When I was a boy lanterns at Halloween were nearly always made from hollowed out swedes, these are the orange-fleshed root vegetables referred to as turnips in some areas and ‘neeps’ in Scotland. They are the mashed up orange things you eat with haggis and potatoes. Pumpkins were rarely seen, except in story books. The tradition of making lanterns out of vegetables probably comes from Irish Folklore. Legend has it that a notorious drunkard and prankster called Jack tricked the devil into climbing a tree. He then trapped him there by carving a cross on the trunk of the tree. Jack made a deal with the devil that if he promised never to tempt him to drink or trick people again he would release him.
When Jack died he was not allowed to enter heaven because of his evil ways. The devil wouldn’t let him into hell either because he had tracked him in life. Instead the devil gave him a glowing ember in a hollowed out turnip to light his was while wandering through eternal darkness; hence the so called ‘Jack o’ Lantern’, a candle in a hollowed turnip that we light on Halloween. The pumpkin came into play through the early American settlers who found the pumpkin more plentiful than the turnip, and so the tradition grew.
We did a fair bit of pumpkin carving on the blog last year. My friend Ian was a champion pumpkin grower and turns his hand to carving a mean pumpkin. Take a look: http://www.my-garden-school.com/growing-pumpkins-and-pumpkin-carving-a-little-halloween-magic-with-andy-and-ian/
Certainly here in the UK the pumpkin tradition seems to go from strength to strength and Halloween has become a more important date on the calendar. Visiting various National Trust gardens this year Halloween and pumpkin growing are high on the agenda. No National Trust kitchen garden is complete without its pumpkin patch producing a variety of these massive cucurbits for autumn ‘Spooktaculars”.
I recently visited Kingston Lacy, a magnificent National trust house that was built to resemble an Italian palace in Dorset, Southern England. The gardens are in the process of restoration in many areas, including the kitchen garden. Here a large area is given over to Community Growing Spaces, mini-allotments where local National trust members can grow their own food. Many of these plots featured different varieties of pumpkins and squashes.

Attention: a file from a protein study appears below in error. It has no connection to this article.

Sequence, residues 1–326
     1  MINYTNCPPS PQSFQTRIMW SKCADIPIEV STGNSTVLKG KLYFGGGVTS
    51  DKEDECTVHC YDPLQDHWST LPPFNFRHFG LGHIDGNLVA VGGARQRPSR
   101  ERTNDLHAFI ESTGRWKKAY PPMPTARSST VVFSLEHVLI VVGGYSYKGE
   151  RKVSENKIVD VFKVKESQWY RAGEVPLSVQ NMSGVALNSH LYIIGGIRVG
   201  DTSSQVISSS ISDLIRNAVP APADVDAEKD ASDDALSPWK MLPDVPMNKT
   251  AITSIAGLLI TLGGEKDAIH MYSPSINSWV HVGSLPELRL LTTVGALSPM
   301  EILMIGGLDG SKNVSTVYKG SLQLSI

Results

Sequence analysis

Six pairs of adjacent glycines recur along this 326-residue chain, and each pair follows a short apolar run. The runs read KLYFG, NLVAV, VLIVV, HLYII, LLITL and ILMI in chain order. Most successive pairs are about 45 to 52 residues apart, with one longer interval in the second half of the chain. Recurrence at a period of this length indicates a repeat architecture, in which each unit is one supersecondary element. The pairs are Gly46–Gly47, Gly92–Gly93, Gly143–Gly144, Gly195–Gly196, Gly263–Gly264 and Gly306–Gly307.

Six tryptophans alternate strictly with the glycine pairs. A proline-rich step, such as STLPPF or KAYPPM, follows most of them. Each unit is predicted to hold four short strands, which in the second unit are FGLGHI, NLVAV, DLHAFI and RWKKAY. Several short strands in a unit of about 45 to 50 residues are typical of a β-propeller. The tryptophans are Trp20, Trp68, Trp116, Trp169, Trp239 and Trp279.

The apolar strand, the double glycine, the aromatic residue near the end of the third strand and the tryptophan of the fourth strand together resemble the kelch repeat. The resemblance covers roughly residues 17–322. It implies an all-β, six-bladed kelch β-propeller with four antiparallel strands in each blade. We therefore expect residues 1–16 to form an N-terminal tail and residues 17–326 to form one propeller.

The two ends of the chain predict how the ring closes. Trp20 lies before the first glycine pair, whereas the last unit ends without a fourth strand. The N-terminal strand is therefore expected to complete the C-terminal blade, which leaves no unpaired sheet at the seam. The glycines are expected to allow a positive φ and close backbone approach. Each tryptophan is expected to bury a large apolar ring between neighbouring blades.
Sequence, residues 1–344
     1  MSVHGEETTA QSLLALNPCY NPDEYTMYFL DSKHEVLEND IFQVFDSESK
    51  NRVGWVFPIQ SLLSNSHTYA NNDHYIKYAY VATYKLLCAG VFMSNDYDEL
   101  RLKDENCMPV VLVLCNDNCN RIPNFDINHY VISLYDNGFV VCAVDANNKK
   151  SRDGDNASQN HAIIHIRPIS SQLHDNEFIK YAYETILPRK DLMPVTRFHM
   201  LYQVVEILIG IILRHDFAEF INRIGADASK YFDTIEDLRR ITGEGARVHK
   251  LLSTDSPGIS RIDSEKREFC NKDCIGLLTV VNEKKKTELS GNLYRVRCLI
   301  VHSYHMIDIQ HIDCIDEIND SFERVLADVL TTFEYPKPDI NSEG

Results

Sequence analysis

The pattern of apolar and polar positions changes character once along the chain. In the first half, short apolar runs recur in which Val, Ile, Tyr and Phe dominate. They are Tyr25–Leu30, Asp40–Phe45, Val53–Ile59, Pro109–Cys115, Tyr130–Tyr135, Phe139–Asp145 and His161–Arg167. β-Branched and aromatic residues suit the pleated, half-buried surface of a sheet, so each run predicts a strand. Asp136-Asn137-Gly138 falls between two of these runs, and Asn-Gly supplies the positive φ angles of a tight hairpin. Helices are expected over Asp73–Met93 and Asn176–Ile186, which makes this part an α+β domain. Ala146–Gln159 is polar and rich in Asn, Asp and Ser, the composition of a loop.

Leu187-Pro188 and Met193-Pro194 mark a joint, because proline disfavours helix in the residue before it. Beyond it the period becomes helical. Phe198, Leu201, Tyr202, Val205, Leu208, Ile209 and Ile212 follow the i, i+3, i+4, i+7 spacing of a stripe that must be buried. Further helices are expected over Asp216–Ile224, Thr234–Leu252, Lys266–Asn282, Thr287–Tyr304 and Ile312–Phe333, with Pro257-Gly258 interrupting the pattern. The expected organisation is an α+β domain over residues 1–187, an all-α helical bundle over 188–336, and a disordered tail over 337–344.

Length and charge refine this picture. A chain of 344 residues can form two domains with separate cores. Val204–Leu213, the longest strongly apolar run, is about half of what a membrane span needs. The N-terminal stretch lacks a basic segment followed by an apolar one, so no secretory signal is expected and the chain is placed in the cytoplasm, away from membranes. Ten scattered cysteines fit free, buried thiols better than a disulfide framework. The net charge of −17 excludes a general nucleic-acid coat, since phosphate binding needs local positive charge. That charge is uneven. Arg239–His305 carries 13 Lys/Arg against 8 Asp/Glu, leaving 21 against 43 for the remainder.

I have to admit I really love the rich colours and fascinating forms of pumpkins and squashes and I prefer them in their natural state. My contribution to Halloween decor is a group of squashes next to a terracotta pot on the doorstep. These will gradually make their way into the kitchen and be replenished.
I have had some success growing different types of squash in the garden here, but only down on the compost heaps where the ground is moister and rich in organic matter. My soil is very sandy and free draining so cucurbits don’t really thrive. They tend to like a good rich soil with enough moisture. I do miss them in the garden at this time of the year. I always think they are at their most magical when those huge leaves and fleshy stems collapse to reveal glowing orange fruits.
I may not have a carved pumpkin on the doorstep but I certainly have plenty of seasonal colours in the pots on the terrace and as highlights in the borders. I love those orange, red and flame shades around this time of the year and they are particularly effective contrasted with some devilish black foliage.
The succulent Aeonium ‘Schwartzkopf’ is at its most intense right now; huge shining rosettes of black purple appearing bigger and bolder in the low autumn light. I know it will be damaged by the first frost, but I hold off moving it indoors for as long as possible. I know that in the conservatory it will quickly revert to a shade of muddy green. I am confident its bold presence will ward off evil frost until after Halloween.
The caramel coloured heucheras are all the richer for some cool nights. Their foliage glows as the days get shorter and they really add a little Halloween magic to the pots with their fruity pumpkin colours. Heuchera ‘Peach Flambe’ and Heuchera ‘Marmalade’ sound too sweet to be devilishly hot in pots, but judge for yourself.
I am really impressed with the small compact Astelia ‘Red Devil’ I’ve teamed up with a red hot capsicum in one of my pots. This spiky little plant has dark steely foliage with a hint of deep red. It’s not for the faint hearted and perfect for a potent planting cocktail. It would be good in a nice dark red pot on its own, or maybe teamed up with black ophiopogon.
My dahlias have been late to get going this year, probably because I was very late planting them. They are now providing some really valuable late colour and I hope they will last a couple more weeks before the frost cuts them down. I love the dark ruby ‘Bishop of Auckland’. I have a number in the border and a large one in a pot on the terrace. Its single blooms have been shining against the blazing fall foliage of Acer palmatum ‘Fireglow’ and Phormium ‘Evening Glow’.
I never did get around to planting Dahlia ‘Chat Noir’, a lovely deep burgundy-black cactus dahlia. We have three black cats, and one rather bad tempered grey one. Therefore this particular dahlia seems rather appropriate for this garden (sorry grey cat!). It’s definitely on the list for next year.
As Halloween approaches, our black cats get more mischievous than ever. They spent the weekend chasing leaves around the garden and hiding in ambush amongst the grasses. Of course we know that any association between black cats, witchcraft and the dark side is only superstition. However I rather wish I hadn’t tempted providence by cutting back the nepeta. This is Feral’s favourite plant and his face shows his displeasure. Think we might go for treat rather than trick to be on the safe side.